Often overlooked, except by Civil War buffs, “The Gray Ghost” produced by former B-western screen-writer and Monogram producer Lindsley Parsons, strived for authenticity as it chronicled the daring exploits of Major John Singleton Mosby and his 1st Virginia Cavalry Confederate raiders who were so elusive in their hit and run tactics that Mosby became known as the Gray Ghost. This was the only series to ever show the war between the states from the rebel point of view. (“The Rebel”, “The Loner” and “Rough Riders” later dealt with the aftermath and reconstruction period on both sides.)
Originally intended as a CBS series, sponsors blinked when Civil Rights strife flared up in Little Rock. Advertisers were hesitant about glorifying a Confederate officer. Eventually, in Oct. ‘57, CBS syndicated 39 episodes to huge ratings on both sides of the Mason-Dixon line.
Buffalo, NY, born Tod Andrews, who worked in the ‘40s simultaneously as Michael Ames before settling on Tod Andrews, portrayed Major Mosby.
Six foot tall Andrews attended Washington State College and began his career on stage, appearing in several productions on Broadway. From there he won a fellowship to the Pasadena Playhouse for advanced drama study then moved into film work such as “They Died With Their Boots On”, “Voodoo Man”, etc. His last part was in “Hang ‘Em High”. He died at 52 in ‘72 of a heart attack.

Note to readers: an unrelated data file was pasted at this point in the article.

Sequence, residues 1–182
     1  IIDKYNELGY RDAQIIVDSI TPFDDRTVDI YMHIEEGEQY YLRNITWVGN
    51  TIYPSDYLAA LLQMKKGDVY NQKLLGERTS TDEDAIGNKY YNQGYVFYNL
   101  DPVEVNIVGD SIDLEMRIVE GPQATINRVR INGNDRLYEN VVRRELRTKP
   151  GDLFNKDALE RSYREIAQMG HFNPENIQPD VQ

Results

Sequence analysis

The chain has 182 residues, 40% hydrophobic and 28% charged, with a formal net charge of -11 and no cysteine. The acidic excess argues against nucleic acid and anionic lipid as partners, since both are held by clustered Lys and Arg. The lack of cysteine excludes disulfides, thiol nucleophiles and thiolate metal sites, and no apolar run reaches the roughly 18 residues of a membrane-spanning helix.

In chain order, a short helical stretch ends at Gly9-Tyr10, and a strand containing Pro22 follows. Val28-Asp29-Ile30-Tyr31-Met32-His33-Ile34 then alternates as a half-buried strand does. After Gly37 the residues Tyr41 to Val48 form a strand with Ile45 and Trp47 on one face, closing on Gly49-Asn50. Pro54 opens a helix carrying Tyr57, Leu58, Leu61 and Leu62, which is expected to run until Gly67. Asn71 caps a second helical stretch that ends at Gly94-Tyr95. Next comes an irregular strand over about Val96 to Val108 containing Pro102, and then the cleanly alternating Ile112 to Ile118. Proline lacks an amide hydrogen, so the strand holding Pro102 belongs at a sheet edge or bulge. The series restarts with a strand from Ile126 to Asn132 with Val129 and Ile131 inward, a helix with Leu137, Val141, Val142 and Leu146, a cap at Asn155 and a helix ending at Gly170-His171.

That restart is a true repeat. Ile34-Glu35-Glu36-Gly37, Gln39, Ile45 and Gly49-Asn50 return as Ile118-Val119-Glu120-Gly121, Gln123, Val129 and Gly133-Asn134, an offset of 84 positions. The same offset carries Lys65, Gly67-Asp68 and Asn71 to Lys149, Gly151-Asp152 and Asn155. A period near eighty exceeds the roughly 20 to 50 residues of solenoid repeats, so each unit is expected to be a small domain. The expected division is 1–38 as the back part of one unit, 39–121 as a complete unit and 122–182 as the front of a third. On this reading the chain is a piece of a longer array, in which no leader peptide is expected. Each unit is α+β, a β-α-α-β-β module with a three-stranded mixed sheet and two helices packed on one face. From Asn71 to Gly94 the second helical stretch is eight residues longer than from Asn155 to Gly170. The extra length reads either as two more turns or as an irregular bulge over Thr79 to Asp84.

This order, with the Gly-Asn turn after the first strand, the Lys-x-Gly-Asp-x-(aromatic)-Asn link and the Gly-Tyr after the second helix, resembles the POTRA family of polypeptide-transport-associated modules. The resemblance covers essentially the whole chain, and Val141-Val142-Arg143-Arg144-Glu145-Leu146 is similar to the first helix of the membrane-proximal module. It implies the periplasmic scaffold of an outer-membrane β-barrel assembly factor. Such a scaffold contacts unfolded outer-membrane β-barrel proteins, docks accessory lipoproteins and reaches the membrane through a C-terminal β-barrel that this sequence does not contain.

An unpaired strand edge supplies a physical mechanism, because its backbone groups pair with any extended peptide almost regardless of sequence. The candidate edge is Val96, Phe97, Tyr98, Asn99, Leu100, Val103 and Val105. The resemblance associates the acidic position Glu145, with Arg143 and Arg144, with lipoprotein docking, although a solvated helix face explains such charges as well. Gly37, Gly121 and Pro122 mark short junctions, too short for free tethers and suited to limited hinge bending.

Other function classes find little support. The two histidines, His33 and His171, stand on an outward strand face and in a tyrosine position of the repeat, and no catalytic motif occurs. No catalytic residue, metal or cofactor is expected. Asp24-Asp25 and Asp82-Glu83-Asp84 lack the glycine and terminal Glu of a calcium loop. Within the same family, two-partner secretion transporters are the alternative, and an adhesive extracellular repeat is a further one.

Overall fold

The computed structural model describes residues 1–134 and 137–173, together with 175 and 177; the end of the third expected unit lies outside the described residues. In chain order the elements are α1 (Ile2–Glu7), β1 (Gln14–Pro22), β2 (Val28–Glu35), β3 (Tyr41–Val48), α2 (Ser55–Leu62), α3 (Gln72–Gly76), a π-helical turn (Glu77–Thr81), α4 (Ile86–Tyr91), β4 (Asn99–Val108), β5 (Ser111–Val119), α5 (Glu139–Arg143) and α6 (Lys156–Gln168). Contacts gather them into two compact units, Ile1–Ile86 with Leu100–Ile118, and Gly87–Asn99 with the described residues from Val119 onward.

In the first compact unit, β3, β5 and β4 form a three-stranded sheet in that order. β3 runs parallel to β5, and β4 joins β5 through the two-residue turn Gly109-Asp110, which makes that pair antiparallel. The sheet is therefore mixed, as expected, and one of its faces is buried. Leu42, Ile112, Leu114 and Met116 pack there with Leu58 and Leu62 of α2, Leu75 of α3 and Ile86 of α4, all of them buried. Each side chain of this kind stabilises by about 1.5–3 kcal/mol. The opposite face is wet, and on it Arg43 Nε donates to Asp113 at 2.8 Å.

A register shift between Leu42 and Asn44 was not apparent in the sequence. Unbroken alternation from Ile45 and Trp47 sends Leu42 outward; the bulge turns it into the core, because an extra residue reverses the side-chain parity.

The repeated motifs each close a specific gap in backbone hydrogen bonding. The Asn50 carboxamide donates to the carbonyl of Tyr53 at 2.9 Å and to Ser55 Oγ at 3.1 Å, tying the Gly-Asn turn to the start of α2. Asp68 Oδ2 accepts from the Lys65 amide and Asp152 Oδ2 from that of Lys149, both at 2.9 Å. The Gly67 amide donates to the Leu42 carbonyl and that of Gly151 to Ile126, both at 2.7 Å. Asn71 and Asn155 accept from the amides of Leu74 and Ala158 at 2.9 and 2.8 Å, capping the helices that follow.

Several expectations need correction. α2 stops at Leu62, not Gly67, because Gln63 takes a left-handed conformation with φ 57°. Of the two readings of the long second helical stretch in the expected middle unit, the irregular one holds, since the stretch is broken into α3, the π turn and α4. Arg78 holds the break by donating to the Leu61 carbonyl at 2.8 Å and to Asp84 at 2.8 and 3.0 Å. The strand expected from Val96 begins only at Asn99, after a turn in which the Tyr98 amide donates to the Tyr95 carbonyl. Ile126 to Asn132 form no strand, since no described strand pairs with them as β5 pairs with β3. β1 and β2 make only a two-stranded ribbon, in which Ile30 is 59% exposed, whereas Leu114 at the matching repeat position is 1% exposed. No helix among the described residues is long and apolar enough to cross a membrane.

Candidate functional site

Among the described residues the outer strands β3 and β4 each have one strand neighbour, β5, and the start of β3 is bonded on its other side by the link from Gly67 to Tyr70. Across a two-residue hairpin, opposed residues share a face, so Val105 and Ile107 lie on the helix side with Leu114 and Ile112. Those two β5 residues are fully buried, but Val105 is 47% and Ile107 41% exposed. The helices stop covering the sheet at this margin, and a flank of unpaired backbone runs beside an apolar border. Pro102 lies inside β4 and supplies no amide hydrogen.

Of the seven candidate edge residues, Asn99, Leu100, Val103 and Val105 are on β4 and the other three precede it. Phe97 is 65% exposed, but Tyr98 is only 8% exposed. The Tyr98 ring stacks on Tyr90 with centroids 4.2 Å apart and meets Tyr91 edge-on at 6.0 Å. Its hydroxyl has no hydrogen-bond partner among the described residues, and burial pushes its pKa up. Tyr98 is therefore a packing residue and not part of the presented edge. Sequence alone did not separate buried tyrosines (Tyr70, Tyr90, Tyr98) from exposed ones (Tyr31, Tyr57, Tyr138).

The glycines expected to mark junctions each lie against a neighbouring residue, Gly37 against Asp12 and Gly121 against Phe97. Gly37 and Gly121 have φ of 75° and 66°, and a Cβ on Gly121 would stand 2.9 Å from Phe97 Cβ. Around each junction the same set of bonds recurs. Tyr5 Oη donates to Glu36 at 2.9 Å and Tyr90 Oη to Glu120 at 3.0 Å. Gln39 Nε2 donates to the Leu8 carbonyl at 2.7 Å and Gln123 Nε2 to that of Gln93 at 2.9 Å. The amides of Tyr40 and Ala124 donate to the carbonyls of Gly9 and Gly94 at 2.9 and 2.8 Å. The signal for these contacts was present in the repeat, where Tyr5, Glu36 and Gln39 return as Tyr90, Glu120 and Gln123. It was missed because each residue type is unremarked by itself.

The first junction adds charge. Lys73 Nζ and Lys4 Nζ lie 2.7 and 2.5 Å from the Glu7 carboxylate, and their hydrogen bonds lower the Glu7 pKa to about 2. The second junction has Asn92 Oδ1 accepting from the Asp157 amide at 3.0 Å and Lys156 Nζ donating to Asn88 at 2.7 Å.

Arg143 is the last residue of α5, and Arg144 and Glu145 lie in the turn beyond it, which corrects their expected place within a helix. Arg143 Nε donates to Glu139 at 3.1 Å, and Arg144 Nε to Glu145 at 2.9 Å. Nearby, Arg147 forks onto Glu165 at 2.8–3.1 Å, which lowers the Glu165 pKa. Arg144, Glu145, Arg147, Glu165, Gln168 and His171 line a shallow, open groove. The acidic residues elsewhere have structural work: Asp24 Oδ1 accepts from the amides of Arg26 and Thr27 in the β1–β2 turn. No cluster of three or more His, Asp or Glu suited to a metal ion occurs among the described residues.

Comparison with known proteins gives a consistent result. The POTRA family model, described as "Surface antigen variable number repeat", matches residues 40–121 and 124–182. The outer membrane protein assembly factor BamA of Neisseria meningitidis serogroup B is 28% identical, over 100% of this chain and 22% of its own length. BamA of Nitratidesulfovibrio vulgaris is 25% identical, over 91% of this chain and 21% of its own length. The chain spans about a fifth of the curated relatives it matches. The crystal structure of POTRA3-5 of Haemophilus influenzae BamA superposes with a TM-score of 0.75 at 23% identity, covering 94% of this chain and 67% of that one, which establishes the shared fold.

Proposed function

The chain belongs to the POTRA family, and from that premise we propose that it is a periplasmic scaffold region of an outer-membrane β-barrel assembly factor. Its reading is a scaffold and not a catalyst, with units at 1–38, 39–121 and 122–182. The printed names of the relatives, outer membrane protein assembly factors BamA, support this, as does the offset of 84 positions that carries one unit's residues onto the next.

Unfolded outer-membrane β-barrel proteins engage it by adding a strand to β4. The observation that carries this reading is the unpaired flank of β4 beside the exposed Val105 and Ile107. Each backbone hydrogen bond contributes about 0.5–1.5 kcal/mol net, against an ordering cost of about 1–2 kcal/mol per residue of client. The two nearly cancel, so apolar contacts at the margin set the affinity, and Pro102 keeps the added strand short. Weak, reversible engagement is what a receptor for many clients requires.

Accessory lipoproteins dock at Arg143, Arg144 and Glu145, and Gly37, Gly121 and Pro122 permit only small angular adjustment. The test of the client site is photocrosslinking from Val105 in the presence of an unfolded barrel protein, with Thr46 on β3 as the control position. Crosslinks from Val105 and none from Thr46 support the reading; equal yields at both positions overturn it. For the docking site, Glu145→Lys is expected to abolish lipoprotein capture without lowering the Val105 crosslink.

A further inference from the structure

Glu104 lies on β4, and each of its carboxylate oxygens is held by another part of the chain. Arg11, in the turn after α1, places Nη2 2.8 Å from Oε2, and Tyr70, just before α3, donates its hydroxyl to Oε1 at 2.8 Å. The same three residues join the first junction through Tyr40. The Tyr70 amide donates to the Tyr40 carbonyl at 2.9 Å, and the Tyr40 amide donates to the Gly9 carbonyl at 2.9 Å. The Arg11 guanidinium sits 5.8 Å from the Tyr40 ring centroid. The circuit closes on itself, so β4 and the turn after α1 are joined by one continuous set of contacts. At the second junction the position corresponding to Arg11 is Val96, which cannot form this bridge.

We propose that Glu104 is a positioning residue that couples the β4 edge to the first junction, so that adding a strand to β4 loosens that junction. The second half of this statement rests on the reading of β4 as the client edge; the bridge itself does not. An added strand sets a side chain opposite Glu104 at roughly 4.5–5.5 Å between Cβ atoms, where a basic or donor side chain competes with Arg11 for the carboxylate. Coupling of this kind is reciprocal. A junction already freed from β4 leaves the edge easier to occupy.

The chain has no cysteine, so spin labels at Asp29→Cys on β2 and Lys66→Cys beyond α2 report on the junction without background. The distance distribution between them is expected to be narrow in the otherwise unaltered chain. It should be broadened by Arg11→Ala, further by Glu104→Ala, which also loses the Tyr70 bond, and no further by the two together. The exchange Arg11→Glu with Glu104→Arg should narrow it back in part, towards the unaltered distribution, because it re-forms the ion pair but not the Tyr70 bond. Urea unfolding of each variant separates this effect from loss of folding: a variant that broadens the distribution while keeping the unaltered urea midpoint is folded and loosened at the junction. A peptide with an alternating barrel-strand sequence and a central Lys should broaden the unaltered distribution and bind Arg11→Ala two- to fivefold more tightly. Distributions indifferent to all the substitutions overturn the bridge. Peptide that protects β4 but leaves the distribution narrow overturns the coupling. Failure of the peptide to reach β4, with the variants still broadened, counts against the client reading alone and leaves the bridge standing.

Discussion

The only other regular was character actor Phil Chambers as Mosby’s sergeant, Miles Magruder. Chambers, born in L.A. in 1916 as Horace Phillip Chambers, graduated from L.A. City College, entered acting and, like Andrews, studied at the Pasadena Playhouse. His first films were in 1953. Chambers died in L.A. Jan. 16, 1993, at 76.
Most episodes were shot around Sonora and Jackson, CA, in the Sierra Nevada foothills that closely resemble Virginia, where the real Mosby was active.
Producer Lindsley Parsons (1905-1992) was born in Tacoma, WA, and educated at UCLA. After a stint working for several newspapers, the lure of Hollywood drew him to a job as publicity director at Monogram in ‘31. From there, he began to write scripts for early John Wayne Lone Stars, and started producing on Tex Ritter B’s in ‘37.
“Gray Ghost” scripts, many of which were based on actual events, were above average and got off to a good start with the pilot, scripted by Warren Douglas. Two-thirds of the shows were well directed by either Hollingsworth Morse or Harmon Jones, keeping an excellent flow of style and continuity.